New EU Corporate Sustainability Reporting Directive


New EU Corporate Sustainability Reporting Directive

Sustainability Reporting to the next level

On 21 April 2021, the European Commission (EC) adopted a proposal for a Corporate Sustainability Reporting Directive (CSRD) that radically improves the existing reporting requirements of the EU’s Non-Financial Reporting Directive (NFRD). This ambitious package of measures is likely to have a significant impact on your organisation in the short term. The CSRD covers all relevant Environmental, Social and Governance (ESG) elements and aims to increase investments in truly sustainable activities across the European Union.

Key changes to ESG reporting requirements

The CSRD will be phased in from now until 2023. Notable changes are:

  • If you are not currently subject to NFRD (the current EU Non-Financial Reporting Directive addresses ESG elements) but are considered large—and many companies fit into this category as outlined below—you will have to fully comply with the CSRD. This includes a mandatory requirement for external assurance on the information you provide.
  • If you are already reporting in accordance with NFRD, you must report on the impact of climate change on your organisation. This includes a mandatory requirement for external assurance on the information you provide.
  • If you are a subsidiary of a global non-EU firm, you are also subject to the CSRD.
  • Reporting under the CSRD will be required under the EU Taxonomy. This is a common classification of economic activities significantly contributing to environmental objectives using science-based criteria. The EU Taxonomy itself has reporting requirements that will come into effect partially from January 2022 and fully from January 2023. The CSRD, together with the EU Taxonomy, should be seen as a ‘package’ designed to help improve the flow of capital towards sustainable activities. The EU Taxonomy is still under development and it is anticipated to be complete by the end of 2021.

The EU proposes to start with a 'limited' assurance requirement. We expect this 'limited' assurance to eventually shift to 'reasonable' assurance, especially given the trend to link executive remuneration to sustainability performance indicators. 

Key elements to pay attention to regarding the CSRD

Given the substantial regulatory change triggered by the CSRD, we anticipate that preparing for it in an orderly and timely manner will be challenging. The following key elements require specific attention:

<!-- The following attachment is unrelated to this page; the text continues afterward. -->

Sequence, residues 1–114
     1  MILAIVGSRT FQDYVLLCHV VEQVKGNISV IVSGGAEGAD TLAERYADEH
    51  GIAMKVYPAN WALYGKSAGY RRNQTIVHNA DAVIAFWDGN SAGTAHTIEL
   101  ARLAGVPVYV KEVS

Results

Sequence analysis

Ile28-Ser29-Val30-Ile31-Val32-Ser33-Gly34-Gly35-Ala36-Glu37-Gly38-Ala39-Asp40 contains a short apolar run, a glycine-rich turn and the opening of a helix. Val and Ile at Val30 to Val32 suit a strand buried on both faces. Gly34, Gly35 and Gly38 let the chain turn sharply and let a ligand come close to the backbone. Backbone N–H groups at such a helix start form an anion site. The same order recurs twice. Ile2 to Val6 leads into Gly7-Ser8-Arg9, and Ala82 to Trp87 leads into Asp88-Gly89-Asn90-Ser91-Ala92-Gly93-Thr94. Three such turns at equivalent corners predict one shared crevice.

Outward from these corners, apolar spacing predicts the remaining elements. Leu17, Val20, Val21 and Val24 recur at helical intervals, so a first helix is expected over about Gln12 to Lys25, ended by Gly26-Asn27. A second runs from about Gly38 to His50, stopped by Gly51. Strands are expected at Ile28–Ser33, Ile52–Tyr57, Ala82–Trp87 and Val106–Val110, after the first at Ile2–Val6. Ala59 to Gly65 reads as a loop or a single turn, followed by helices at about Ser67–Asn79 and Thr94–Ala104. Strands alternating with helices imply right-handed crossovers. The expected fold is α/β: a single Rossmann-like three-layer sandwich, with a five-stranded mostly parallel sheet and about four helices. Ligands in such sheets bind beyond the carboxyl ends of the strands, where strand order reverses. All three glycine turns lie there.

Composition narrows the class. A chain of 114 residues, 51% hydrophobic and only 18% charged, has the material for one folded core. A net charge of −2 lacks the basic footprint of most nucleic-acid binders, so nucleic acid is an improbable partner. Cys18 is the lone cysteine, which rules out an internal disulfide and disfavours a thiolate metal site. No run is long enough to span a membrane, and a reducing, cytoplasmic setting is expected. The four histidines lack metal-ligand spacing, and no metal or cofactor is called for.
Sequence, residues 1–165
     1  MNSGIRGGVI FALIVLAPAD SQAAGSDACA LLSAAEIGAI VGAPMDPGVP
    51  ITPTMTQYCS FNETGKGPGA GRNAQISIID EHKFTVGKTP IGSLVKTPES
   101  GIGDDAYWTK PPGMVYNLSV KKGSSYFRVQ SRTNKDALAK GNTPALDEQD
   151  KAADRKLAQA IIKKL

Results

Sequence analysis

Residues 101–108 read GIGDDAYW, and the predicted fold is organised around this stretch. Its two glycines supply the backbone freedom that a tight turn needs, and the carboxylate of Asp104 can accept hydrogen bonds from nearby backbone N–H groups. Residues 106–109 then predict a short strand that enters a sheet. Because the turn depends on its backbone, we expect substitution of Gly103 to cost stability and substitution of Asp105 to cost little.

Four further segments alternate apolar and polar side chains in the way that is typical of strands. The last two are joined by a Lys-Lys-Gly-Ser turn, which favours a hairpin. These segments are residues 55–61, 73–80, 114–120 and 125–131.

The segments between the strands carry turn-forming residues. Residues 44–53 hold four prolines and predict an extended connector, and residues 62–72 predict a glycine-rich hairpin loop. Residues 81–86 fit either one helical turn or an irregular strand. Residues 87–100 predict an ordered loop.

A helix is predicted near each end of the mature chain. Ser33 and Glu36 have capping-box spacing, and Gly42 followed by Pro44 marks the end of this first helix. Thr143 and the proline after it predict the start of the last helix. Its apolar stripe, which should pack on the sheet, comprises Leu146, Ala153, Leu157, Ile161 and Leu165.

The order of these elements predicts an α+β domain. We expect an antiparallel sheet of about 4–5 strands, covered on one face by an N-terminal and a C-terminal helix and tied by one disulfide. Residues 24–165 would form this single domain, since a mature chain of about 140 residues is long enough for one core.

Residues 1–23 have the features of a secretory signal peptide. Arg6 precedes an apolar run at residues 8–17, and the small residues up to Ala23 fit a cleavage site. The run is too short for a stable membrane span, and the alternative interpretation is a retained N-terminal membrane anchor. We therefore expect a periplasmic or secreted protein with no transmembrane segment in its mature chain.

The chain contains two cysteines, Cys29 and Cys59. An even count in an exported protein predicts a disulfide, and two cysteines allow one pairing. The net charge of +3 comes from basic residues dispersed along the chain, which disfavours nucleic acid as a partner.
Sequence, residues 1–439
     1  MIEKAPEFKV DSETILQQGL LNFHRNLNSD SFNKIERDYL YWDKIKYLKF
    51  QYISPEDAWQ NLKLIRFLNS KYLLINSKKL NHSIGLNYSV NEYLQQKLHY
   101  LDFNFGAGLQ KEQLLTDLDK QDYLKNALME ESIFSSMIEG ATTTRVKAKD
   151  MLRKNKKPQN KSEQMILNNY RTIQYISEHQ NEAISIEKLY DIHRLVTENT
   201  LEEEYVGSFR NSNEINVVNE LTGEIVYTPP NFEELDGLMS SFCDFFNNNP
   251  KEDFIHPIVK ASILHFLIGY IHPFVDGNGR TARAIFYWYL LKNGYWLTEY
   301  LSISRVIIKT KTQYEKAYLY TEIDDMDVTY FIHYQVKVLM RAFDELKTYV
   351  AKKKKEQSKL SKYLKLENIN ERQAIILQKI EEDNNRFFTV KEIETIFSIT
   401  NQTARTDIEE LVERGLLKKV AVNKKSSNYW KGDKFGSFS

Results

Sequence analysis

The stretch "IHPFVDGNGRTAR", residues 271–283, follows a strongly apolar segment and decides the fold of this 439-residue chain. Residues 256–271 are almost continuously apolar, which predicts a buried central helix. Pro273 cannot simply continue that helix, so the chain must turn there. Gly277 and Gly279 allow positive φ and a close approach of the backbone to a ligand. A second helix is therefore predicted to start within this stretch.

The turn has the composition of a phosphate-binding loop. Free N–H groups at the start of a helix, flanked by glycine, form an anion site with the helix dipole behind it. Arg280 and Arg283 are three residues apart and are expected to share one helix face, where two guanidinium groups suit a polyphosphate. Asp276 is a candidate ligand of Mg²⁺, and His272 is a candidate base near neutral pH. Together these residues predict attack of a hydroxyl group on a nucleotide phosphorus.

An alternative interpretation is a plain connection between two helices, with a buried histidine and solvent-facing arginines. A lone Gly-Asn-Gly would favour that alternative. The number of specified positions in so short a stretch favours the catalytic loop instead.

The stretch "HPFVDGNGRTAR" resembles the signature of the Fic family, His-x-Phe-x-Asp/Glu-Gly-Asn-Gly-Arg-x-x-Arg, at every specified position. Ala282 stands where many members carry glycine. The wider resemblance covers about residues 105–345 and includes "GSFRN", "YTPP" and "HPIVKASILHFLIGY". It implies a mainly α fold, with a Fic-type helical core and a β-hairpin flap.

• Your organisation’s management will be required to certify that an adequate risk and control framework safeguarding and governing reported ESG information under the CSRD has been established.
  • The exemption regime operates independent from the exemption regime for financial reporting. EU large companies with an ultimate parent in a non-EU country who do not prepare consolidated sustainability reports in accordance with the CSRD cannot apply a consolidation exemption. This means that the management of each company to which CSRD reporting requirements apply will be required to report and be accountable for consolidated ESG information for each EU company and its worldwide subsidiaries. This will require your organisation to design and maintain a detailed and extensive controlled ESG information database. For most, this means a drastic change in the governance of ESG reporting throughout the organisation.
  • The ESG reporting landscape is still developing, which means that the design of your ESG reporting framework should be based on agile design principles. This will allow you to absorb regulatory and other changes over the next years. It also means that investors and other stakeholders will increasingly pay attention to an organisation’s sustainability performance and hold executives accountable for their performance. (See our publication Telling the Real Corporate Story.)
  • The CSRD is a significant development that requires knowledgeable resources throughout your entire organisation. From your finance team to risk management and operations: all need to start making decisions on ESG governance over responsibilities and resourcing.

Please refer to our attached summary that can assist you with this.

To which organisations do the CSRD requirements apply?

The proposal will extend the scope of sustainability reporting requirements to all large companies, whether they are listed or not and without the previous 500-employee threshold. This change will result in all large companies being held publicly accountable for their impact on people and the environment. These include:

  • All large companies (2 out of 3 criteria met)
    • Revenues > EUR 40 million
    • Total assets > EUR 20 million
    • > 250 employees
  • All companies with listed securities on EU-regulated markets, except micro-undertakings
  • Listed SMEs, small and medium-sized enterprises benefit from +3 years for implementation

More information

Do you want to learn more about transparent ESG reporting and what you can do now? Please connect with Vanessa Otto-Mentz, Bert Albers or Han Hindriks, via the contact details below.

Did you find this useful?